, Volume 34, Issue 3, pp 402-404
Date: 16 Oct 2007

Hypoxia and hypotension, the “lethal duo” in traumatic brain injury: implications for prehospital care

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Sir: Traumatic brain injury (TBI) remains a leading health problem worldwide [12]. In the United States alone, about 1.5 million people sustain a TBI each year, of which approximately 500,000 are admitted to hospital care and 50,000 patients die [23]. It has been estimated that 2.5–6.5 million people currently live with physical, cognitive, or psychological impairment as long-term sequelae of TBI in the United States. One of the central aspects of our current understanding of the pathophysiology of TBI is that the extent of neurological injury is not solely determined by the traumatic impact itself, but rather evolves over time. This “secondary brain injury” occurs as a consequence of complicating processes initiated by the primary injury and is characterized by neuroinflammation, ischemia/reperfusion injuries, cerebral edema, intracranial hemorrhage, and intracranial hypertension [46]. In addition, iatrogenic factors, such as prophylactic hyperventilation and overzealous crystall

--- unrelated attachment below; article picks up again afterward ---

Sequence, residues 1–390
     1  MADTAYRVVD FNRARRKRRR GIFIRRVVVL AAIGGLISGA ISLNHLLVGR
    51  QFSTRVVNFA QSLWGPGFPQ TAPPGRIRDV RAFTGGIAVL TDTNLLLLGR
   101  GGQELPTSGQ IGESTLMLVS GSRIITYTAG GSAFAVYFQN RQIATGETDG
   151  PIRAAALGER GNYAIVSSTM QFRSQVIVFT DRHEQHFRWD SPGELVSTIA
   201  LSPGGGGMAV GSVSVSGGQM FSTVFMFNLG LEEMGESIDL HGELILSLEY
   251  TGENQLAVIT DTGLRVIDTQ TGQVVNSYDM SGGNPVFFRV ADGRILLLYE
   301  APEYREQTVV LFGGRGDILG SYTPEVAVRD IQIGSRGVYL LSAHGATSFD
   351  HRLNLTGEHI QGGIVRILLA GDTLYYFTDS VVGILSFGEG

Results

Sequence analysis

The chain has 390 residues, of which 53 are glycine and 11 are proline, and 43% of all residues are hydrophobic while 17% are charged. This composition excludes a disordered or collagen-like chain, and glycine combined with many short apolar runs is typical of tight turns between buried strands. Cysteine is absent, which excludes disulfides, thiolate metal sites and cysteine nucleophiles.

This editorial refers to the article available at: http://dx.doi.org/10.1007/s00134-007-0863-0.